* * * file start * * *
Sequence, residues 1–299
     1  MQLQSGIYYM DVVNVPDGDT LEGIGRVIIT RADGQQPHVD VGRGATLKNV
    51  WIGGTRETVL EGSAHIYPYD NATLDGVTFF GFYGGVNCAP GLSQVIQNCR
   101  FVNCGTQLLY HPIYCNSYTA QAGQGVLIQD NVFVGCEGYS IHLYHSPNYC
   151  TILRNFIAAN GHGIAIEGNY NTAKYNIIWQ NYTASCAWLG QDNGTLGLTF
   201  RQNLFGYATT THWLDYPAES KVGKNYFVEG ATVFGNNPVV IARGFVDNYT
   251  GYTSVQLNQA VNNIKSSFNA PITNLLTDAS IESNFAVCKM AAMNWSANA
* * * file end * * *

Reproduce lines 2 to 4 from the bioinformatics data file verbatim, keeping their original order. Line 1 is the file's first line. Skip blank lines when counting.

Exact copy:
     1  MQLQSGIYYM DVVNVPDGDT LEGIGRVIIT RADGQQPHVD VGRGATLKNV
    51  WIGGTRETVL EGSAHIYPYD NATLDGVTFF GFYGGVNCAP GLSQVIQNCR
   101  FVNCGTQLLY HPIYCNSYTA QAGQGVLIQD NVFVGCEGYS IHLYHSPNYC